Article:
Tell us about your professional background; have you always known you wanted to be a writer?

I always wanted to be a songwriter, in fact. And I worked very hard at that for a number of years. Songwriting is a tremendous discipline for learning about rhythm, natural cadence, alliteration and many other things that happen when you start putting words together. It is the tightest writing there is, in my opinion, and it’s given me an extremely critical eye (or ear) for both lyrics and prose. I read my writing aloud – multiple times – to hear the rhythm of each line and I work it over and over to get the rhythm right and the assonance too – the internal sounds.

I also worked for a number of years with an educational publisher where I ran the marketing for all the curricula. I had to write all the advertising copy, which is also tight writing. You can spend days on a single sentence in advertising, and weeks deciding on a cover. So, these skills have me asking myself continually, ‘How can you put that better? How can that line flow better?’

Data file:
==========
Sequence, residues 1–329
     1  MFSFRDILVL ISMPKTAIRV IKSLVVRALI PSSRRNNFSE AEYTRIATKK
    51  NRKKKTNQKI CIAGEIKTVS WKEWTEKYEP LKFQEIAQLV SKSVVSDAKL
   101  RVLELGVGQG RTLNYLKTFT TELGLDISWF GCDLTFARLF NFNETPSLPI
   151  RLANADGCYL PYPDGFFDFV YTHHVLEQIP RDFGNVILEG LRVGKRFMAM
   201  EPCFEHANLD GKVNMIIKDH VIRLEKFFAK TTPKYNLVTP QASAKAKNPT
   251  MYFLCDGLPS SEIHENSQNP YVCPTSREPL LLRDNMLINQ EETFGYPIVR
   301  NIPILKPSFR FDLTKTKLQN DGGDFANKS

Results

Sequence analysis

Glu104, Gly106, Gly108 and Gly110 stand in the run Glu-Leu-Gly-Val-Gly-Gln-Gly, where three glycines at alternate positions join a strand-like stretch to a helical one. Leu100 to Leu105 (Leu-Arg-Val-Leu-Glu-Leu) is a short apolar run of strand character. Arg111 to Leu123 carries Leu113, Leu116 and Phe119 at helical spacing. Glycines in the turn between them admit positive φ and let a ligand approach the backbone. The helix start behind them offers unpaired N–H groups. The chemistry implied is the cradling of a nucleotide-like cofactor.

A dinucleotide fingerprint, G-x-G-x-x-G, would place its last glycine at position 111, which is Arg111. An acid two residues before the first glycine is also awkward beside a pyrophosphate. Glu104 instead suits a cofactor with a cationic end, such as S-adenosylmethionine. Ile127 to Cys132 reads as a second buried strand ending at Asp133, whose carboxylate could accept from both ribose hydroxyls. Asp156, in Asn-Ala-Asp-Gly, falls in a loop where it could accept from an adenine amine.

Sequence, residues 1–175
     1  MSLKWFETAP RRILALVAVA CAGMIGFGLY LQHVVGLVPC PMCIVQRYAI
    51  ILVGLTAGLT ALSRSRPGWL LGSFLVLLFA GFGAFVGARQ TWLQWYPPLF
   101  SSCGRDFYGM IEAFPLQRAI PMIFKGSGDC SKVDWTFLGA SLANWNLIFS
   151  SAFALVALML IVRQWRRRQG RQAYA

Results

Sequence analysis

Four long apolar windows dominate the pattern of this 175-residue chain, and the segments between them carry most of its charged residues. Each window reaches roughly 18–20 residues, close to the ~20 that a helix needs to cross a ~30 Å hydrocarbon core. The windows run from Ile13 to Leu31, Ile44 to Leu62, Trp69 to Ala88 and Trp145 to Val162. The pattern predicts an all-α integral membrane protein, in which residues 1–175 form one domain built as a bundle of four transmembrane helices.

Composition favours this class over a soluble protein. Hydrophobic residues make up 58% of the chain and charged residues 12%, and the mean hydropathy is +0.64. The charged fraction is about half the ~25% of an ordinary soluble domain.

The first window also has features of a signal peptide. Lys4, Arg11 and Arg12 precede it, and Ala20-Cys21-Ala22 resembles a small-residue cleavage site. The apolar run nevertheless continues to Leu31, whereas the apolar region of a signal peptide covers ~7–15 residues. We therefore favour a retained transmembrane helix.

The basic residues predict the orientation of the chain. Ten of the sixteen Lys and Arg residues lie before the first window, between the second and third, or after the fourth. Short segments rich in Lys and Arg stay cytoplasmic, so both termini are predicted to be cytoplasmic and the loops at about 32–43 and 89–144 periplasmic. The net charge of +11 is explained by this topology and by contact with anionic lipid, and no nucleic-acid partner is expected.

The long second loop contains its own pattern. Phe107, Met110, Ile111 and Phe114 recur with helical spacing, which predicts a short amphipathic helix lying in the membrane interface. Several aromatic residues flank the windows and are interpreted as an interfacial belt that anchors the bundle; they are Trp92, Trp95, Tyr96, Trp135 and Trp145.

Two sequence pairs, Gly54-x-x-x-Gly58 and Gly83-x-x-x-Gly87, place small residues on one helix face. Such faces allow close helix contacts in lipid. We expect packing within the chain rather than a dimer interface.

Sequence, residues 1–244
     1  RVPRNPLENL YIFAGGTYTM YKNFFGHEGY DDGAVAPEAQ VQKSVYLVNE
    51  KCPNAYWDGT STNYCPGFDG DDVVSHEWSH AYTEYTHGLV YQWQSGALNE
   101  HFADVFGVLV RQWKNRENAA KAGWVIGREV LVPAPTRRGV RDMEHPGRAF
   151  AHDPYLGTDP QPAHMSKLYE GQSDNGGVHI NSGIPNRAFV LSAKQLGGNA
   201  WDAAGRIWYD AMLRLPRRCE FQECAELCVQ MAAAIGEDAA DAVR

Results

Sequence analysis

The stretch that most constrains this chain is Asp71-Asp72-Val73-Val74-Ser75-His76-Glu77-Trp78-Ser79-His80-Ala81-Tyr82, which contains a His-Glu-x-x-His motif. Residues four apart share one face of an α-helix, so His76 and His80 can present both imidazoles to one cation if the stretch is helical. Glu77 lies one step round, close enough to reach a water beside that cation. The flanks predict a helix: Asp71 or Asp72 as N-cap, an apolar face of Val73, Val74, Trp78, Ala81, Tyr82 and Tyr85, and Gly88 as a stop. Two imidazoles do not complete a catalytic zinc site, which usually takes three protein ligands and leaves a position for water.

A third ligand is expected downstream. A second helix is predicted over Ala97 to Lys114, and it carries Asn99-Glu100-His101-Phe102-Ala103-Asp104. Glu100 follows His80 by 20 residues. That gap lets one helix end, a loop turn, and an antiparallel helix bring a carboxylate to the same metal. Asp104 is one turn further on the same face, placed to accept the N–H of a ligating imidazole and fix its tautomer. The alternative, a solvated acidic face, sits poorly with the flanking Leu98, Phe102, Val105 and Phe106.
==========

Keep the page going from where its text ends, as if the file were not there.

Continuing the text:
It strikes me you have a knack for gamifying or making your projects into a sport … for yourself as much as anyone else! For example, you’ve been writing the second Roger book in some interesting places … tell us about these New York writing adventures. 

There are some places that are dripping in literary history. New York is one of those. A friend mentioned the Round Table in the Algonquin Hotel on 44th Street where a motley crew of writers and poets and actors gathered at a particular table in the restaurant for ten years (1919-1929). Harpo Marx and Dorothy Parker were two.

What’s more, many of the hotels here have been home to writers of all calibre and quite a few have plaques revealing what was written by whom and when. Arthur C. Clarke, Dylan Thomas, Tennessee Williams, Iggy Pop, you name it.

Kenton writing in a hotel lobby
Image courtesy: Kenton Webb